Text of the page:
It’s that time of year again: the leaves are falling, the temperatures are dropping, and all things scary and spooky are on store shelves. While pumpkin picking and catching a hay ride are “low carbohydrate” activities, trick-or-treating can be anything but.
So, how do you handle Halloween with a young child with diabetes? Do you allow them to “be a kid” for an evening, and go all out on the chocolate and sugar spike? Or do you limit them to a few, portion-controlled treats, with a food scale nearby? While there’s no one right answer to this question, here are some helpful tips to make your Halloween a little less spooky this year.
Take the Focus Away from Food
This is helpful for all children, for all holidays. No holiday needs to be 100 percent about the food, especially for a child with diabetes. For Halloween specifically, focus on carving pumpkins, watching scary movies, dressing up in really elaborate Halloween costumes, and yes, if you and your child wish, some candy, too.
Noelle from California says, “Our kiddo is three so our main focus is on creating traditions that will be helpful for her later on with type 1. For parties, I create treats that aren’t food-related.”
Lila from New York City says, “We completely avoid the candy thing. Trick or treating isn’t a huge deal in our neighborhood, so this hasn’t been an issue yet.”
Kate, from Pennsylvania, says, “We go out a little, but limit the number of stops. After we get home, we go through our candy, keeping only what we really, really like. The rest, we give to the Switch Witch, and she brings the girls a little present in the morning as an exchange for giving her their candy.” There’s even a book you can buy that helps explain the magic of the Switch Witch.
Create Unique Traditions
Perhaps you have a spooky, scary dance party or movie night on Halloween, or the whole family dresses up in matching costumes to go walking around the neighborhood. Maybe you bob for apples or roast pumpkin seeds after carving, or let your child have a few friends sleepover. Creating unique family traditions that are inclusive will be beneficial not only for your child now, but will be helpful as they grow up with type 1 diabetes.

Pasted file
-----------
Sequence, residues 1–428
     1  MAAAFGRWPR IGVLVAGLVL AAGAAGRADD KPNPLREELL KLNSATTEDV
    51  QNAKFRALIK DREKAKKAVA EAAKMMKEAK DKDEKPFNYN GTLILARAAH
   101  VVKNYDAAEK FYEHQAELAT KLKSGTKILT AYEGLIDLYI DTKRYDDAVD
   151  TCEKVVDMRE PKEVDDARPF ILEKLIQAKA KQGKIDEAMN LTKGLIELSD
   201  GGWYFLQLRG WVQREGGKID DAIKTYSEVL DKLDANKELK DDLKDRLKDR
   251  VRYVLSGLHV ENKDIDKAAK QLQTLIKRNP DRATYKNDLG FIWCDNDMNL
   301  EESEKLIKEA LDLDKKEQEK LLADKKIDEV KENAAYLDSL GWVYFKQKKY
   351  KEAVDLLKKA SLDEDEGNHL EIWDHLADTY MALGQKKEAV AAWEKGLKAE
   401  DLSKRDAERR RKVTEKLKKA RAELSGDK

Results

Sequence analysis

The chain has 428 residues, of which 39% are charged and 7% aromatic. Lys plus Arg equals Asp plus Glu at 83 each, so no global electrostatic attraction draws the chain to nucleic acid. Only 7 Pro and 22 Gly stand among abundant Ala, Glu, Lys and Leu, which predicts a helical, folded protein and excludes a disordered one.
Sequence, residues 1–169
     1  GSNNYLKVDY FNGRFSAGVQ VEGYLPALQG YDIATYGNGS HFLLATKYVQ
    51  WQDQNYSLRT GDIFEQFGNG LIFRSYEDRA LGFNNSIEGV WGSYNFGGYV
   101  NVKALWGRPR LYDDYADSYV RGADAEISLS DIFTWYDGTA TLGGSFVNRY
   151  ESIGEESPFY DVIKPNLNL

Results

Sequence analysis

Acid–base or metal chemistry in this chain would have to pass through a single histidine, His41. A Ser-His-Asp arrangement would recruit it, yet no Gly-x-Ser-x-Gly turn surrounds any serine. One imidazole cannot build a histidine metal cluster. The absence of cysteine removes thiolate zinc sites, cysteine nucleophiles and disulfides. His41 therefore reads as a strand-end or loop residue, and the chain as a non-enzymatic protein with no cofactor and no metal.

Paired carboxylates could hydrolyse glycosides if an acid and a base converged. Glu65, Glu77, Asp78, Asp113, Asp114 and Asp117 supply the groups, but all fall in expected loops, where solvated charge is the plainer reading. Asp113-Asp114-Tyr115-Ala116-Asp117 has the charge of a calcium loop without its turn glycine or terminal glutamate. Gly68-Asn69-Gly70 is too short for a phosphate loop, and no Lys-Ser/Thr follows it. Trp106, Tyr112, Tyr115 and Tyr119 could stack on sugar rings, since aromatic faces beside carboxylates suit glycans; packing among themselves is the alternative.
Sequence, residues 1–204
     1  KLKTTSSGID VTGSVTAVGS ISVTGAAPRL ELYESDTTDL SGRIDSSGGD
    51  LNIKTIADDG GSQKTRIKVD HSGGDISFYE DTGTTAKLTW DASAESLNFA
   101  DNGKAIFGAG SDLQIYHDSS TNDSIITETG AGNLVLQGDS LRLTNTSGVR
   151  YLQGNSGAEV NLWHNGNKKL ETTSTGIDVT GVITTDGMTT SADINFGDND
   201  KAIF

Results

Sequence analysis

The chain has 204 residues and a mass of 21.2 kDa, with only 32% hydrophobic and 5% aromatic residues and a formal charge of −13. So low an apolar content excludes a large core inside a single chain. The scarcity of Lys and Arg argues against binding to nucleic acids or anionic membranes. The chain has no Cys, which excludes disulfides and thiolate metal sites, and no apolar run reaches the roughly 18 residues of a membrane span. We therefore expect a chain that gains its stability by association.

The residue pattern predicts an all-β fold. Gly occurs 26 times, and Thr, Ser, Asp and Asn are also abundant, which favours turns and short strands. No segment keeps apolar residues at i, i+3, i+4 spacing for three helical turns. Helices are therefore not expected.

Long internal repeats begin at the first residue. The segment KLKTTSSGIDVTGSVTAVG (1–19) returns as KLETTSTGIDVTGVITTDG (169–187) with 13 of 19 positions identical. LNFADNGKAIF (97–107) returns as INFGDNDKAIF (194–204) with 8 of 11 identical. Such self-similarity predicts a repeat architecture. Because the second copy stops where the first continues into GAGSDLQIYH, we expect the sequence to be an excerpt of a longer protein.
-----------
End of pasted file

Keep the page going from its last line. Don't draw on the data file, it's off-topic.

Restricting a child too much can backfire. Children with diabetes are much more likely to develop unhealthy relationships with food. Then again, you don’t want a blood sugar rollercoaster to ruin their night, either. If your kiddo is old enough, get on the same page with them about how much candy can be reasonably enjoyed without causing any problems.
Moderation is key. If your child really wants to indulge, just make sure they’re carbohydrate counting appropriately, and let them enjoy themselves, but be ready to help.
Melissa, from Iowa, says, “We bring any candy home and carb count it ahead of time, and then put a post-it note on each piece, so our daughter can dose appropriately whenever she’s hungry or wants a treat.”
Like all things diabetes-related, it helps to plan ahead. Make sure your child eats a good dinner with some protein and fat before going trick-or-treating. They’ll be less inclined to overeat, and the protein and fat could help to slow the absorption of the sugary candy.
Make sure you know where and how far they’ll be walking, or better yet, walk along with them. Have your child carry dedicated hypo snacks so they can deal with hypoglycemia properly (rather than just stuffing more candy into their faces). Make sure they’re drinking plenty of water.
Halloween is a great night to rely on a continuous glucose monitor (CGM), especially if your child is older and will be off with friends without your supervision. CGMs offer remote monitoring so you can watch his blood sugar from afar.
Hannah says, “Planning ahead a learning to navigate holidays with type 1 diabetes is critical and so empowering once you find what works for you and your family.”
Don’t Stress the Small Stuff!
It’s important to remember that Halloween is only one night, and you shouldn’t stress the small stuff. Some parents of children with diabetes shy away from candy, while others let them indulge, and there is no one right answer. Do what works for you and your family, but don’t let the stress of one holiday ruin the evening for you and your child. Relax and let them have fun! They’ll be doing so much running around anyway that you’ll be glad they had the extra “low snacks” on them anyway.
Lija, from Minnesota, says, “We don’t do anything different for my type 1 and non-type 1, and it works out fine. We find that she tends to go low while out trick or treating, so she just eats and boluses a little while out; it isn’t actually a difficult holiday for us!”
The key is finding what works for you. There are no right or wrong answers. Here’s to a happy, spooky Halloween! Hopefully, the candy (and subsequent blood sugars) are the least scary part.